As software, platforms, and other IT functions are shifted to the cloud, enterprises are taking note of the cost savings, scalability, agility, and innovation made possible through these steps to digital transformation. IT teams are now shifting their attention to the cloud wide area network (WAN) and moving as much of the network infrastructure to the cloud as possible.
Cloud WAN virtualized the management of the network, separating the control plane from the forwarding plane in software-defined wide area networking (SD-WAN). It solves many of the common challenges that emerge when enterprises begin migrating to the cloud, including increased demand for bandwidth and performance requirements, in addition to the growing and varying concerns related to network security.
Managing a cloud WAN is far from being a set-it-and-forget-it solution. Take a look at some of the considerations you’ll need to include in your ongoing cloud WAN strategy:
Security: The fast-paced, changing nature of cyber security threats is further complicated by the broadening of the security plane due to cloud adoption. Connectivity with cloud solutions introduces countless access points and additional vulnerabilities. Enterprises are also supporting mobility for employees as well as managing fleets of Internet of Things (IoT) devices, which both add complexity by multiplying the number of endpoints connected to the network.
While most of your employees may be picturing a malicious hacker that lurks in the shadows, waiting to pounce on your data, most security incidents are caused by employee mistakes. In addition, many employees are not trained to recognize common security threats, such as a phishing email.
Understanding how these factors impact your cloud WAN will make you more effective at network security. Some SD-WAN solutions offer end-to-end encryption and granular visibility into the network as well as continual monitoring which can help detect an anomaly. Traffic segmentation in the WAN can also help isolate a potential threat, preventing it from impacting the broader network.
Obtaining the Right SLAs: When you partner with a cloud provider, you’ll receive a service level agreement (SLA), of course, but how do you know if that SLA is adequate for your needs? The simple answer is that your SLA should be extensive to the degree that the cloud provider is integrated with your systems.
For instance, if you’re accessing Software as a Service (SaaS) for a customer relationship management solution, you may demand a less stringent SLA than you would for a cloud WAN. After all, your entire set of business functions, including communications and your core platforms, are dependent on your network to continue business operations. What will the impact be to your provider if you experience downtime? You need to be sure that your access to your cloud WAN won’t limit application performance or availability.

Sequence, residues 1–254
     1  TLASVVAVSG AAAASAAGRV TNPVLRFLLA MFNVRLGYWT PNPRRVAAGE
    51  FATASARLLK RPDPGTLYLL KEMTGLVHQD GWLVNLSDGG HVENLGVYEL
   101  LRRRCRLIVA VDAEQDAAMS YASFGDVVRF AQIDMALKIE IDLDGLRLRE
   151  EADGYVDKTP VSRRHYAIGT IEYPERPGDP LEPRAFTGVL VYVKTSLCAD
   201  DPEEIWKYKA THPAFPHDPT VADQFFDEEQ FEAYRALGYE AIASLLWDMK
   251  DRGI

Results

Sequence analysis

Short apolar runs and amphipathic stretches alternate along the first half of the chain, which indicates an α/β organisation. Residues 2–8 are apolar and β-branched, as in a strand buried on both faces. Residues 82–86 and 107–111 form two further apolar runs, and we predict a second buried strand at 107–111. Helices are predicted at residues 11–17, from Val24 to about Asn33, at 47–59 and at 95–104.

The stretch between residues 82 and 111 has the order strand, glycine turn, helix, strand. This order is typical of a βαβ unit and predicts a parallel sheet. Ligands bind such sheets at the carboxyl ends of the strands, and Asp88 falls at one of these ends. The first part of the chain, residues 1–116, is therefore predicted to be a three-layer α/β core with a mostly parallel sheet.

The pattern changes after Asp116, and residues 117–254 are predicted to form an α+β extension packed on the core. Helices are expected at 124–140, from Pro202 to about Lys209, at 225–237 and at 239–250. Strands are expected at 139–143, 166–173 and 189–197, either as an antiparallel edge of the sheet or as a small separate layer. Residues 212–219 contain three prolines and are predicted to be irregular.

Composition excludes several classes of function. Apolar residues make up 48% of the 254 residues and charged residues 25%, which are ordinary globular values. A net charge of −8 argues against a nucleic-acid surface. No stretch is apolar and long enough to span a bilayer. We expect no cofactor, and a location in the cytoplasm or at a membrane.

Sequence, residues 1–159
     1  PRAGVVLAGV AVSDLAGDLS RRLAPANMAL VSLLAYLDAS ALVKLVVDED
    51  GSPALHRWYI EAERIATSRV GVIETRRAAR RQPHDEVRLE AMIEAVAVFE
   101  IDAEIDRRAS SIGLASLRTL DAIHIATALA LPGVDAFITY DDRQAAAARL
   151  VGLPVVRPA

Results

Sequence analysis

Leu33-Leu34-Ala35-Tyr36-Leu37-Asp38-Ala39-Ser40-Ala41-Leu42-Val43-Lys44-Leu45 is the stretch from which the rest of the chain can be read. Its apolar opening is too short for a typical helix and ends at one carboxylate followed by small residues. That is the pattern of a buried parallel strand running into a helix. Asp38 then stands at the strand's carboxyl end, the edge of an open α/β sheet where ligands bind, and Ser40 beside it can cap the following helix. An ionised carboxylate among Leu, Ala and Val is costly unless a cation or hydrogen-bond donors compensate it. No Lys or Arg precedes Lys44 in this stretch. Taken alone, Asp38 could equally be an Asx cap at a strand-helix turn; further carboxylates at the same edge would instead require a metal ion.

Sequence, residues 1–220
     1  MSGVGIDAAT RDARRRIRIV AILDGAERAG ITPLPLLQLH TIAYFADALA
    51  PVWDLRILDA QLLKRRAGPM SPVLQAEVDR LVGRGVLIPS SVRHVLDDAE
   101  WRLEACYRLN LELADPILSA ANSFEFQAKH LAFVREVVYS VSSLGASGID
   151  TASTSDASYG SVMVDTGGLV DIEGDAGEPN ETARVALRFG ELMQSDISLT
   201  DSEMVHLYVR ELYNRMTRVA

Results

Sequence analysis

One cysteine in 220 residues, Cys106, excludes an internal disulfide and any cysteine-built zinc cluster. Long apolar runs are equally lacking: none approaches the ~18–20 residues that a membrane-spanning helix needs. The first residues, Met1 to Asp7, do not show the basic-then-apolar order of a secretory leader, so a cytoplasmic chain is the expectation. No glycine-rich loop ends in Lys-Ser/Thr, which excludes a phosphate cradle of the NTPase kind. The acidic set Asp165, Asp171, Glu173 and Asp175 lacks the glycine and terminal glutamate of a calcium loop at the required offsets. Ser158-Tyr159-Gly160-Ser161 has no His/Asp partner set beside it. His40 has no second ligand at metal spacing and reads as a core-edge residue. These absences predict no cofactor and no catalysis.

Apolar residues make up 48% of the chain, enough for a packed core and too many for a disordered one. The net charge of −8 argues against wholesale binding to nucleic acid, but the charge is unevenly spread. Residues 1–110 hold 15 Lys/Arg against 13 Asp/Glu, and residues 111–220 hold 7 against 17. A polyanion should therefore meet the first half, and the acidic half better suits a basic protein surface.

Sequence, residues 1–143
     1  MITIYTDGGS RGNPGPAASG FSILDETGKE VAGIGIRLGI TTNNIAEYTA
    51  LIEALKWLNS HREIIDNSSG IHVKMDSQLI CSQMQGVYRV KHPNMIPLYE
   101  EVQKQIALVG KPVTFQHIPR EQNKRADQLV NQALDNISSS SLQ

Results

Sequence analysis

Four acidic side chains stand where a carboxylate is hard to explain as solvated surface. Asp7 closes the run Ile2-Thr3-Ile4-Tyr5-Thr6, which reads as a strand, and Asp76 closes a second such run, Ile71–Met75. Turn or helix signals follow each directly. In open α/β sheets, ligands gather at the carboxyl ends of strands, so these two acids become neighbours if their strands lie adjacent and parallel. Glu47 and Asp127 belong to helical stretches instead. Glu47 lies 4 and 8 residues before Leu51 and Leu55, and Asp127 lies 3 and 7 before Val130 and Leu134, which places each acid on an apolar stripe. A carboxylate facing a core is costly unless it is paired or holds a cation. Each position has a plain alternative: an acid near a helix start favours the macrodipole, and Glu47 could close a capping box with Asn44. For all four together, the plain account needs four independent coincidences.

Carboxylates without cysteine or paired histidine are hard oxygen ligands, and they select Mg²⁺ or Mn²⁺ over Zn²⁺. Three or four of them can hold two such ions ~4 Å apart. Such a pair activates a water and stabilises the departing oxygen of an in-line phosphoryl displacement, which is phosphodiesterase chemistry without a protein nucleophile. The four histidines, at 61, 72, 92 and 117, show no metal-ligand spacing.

You need to know how your reliability or availability are guaranteed by a virtual private network (VPN) or other connection to the cloud. If your provider’s SLA amounts basically to “best efforts” you may not gain much with a VPN.
Understanding Data Flows: Adding cloud WAN means not just maintaining a connection to the cloud, but including the cloud as an equal partner in your enterprise WAN. This introduces distinct data flows to your network infrastructure:
- Worker access
- Data exchanges between the cloud and data center
- Application component sharing and sharing applications themselves
How these data flows occur in your network setting will inform your choices about technology and your best connection solutions.
How you integrate your cloud WAN will depend on how cloud resources and data center resources relate to one another. If cloud apps are directly accessed by your end users, the cloud will appear as an additional enterprise data center on your WAN. This will look similar to how a regional data center appears on your WAN.
If the cloud WAN is accessed to offload work when there’s a peak period or as a back data center, the resources should appear as alternative servers or as storage inside the enterprise data center.
While the first example utilizes IP-layer connectivity through a VPN, the second requires a little more investigation. You’ll need to examine the data center network to decide whether you’ll network the servers and storage at the IP level or through the Ethernet connection. If you prefer VPNs, you would need to tunnel Ethernet over the VPN, which can compromise efficiency and performance. It’s a good idea to check with data center network providers to determine whether connectivity is available through an IP-based link.
The benefits of cloud WAN boil down to performance and availability, so it’s important to manage the network that connects to the cloud, but also for public cloud services.
If you’re considering cloud WAN, it’s a good idea to begin with an assessment of your current network and the goals you have for a potential infrastructure upgrade. Contact us at TailWind, where we offer on-site certified technicians to ensure a smooth transition to your new network solution.